Speaker of the House John Boehner has been crying again...

...about how big businesses can't create jobs without more "certainty" in the marketplace. Didn't it ever occur to him that regular working-class Americans and the disenfranchised might want a little "certainty" in their lives as well?
By: Bud Meyers
Spread the Word
Listed Under

* John Boehner
* Medicare
* Taxes
* Capital Gains
* Corporate Taxes
* Gop
* Republicans
* Lady Gaga

* Business
* Government
* Defense

* Las Vegas - Nevada - US

June 1, 2011 - PRLog -- In an interview today Republican Speaker of the House John Boehner was crying again, about how businesses can't create jobs without more "certainty" in the marketplace.
Didn't big corporations have "certainty" over the last decade with the Bush tax cuts while millions of jobs left our shores as these corporations made record profits? Didn't big corporations have "certainty" when those tax cuts were extended for another two years while big corporations have been paying ZERO in corporate income taxes? Didn't CEOs and bankers have enough "certainty" while earning record salaries and bonuses while cutting their employees wages?

How much "certainty" is John Boehner and his ilk demanding, and why?

I thought investment and business was all about "risk", not "certainty" or guaranteed corporate profits. Glenn Beck says it's rich people who take all the risks when making investments or running a big business - - - and ignorantly asks us, "When was the last time a poor man hired you?" (I'd say about the last time a poor man did.) Beck thinks we should all be "thankful" to big businesses who are creating all those jobs.....in places like China or at McDonalds.

What kind (and how much) "certainty" does John Boehner want for government subsidized corporations who are corporate welfare recipients and corporate tax cheats? What kind (and how much) "certainty" does John Boehner wish for the big bankers?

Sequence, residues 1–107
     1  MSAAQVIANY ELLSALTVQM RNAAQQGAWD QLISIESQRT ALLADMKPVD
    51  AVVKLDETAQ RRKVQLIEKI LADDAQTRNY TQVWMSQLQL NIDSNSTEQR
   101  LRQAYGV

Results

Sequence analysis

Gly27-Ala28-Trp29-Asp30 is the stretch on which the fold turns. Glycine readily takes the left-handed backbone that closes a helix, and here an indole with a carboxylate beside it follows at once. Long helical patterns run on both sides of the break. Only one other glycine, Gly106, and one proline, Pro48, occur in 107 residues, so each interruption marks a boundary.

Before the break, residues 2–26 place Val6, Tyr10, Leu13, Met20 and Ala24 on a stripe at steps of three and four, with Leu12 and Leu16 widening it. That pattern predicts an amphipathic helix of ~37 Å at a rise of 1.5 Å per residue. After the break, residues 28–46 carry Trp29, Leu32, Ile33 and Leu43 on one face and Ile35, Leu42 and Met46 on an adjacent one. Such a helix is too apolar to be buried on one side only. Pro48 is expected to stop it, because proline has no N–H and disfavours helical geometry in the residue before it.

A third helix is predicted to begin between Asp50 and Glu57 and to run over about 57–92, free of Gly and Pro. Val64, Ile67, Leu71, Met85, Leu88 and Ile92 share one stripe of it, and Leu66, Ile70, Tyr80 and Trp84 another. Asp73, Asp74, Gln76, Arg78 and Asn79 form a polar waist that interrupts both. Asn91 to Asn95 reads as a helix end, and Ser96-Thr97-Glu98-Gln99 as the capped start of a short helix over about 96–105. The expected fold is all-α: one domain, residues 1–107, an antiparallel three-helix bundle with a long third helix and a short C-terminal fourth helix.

Didn't it ever occur to John Boehner, the Republicans, and the Tea Party that regular working-class Americans and the disenfranchised might want a little "certainty" in their lives as well? Would it be too much to ask that they had "certainty" that their jobs won't be outsourced to foreign countries, and when they are, have "certainty" that their unemployment benefits won't be reduced or cut off to give corporations more tax breaks?

The average American worker would also like to have "certainty" that after busting their backs for 40 or 50 years that they will have Medicare and Social Security when they get disabled or old. They would like "certainty" that they won't be destitute and homeless when they reach their 60s or 70s.

"Certainty" in the marketplace for mammoth multi-national corporate conglomerates with limited liability while multi-billionaires want more billions? What about "certainty" for the children whose parents rely on food stamps to feed them because they were laid off from their jobs, or were considered "too old" to be hired, or were never rehired just because they were unemployed? Shouldn't they also have "certainty"?

What about "certainty" for those who lost equity in their homes or had them foreclosed by the banks because of casino-like gambling by the big banks? What about "certainty" for those who were evicted and those who lost their unemployment benefits because Republican legislators want to privatize government programs meant for THE PEOPLE so corporations can profit more?

I'd like "certainty" that I won't die a hungry and homeless man tomorrow, but as I've always known, nothing is ever "certain" in life...there are never any guarantees or expressed warranties. But "certainty" is something that the GOP wants for the very CEOs and bankers that put us where we are today.

John Boehner can take his "certainty" and cram it where the light don't shine...that would "certainly" make me feel a lot better.

# # #

Bud Meyers writes about the economy, corporate out-sourcing, labor statistics (the REAL unemployment rate), government and corporate corruption, and the plight of the long-term unemployed.

Like PRLog?
Click to Share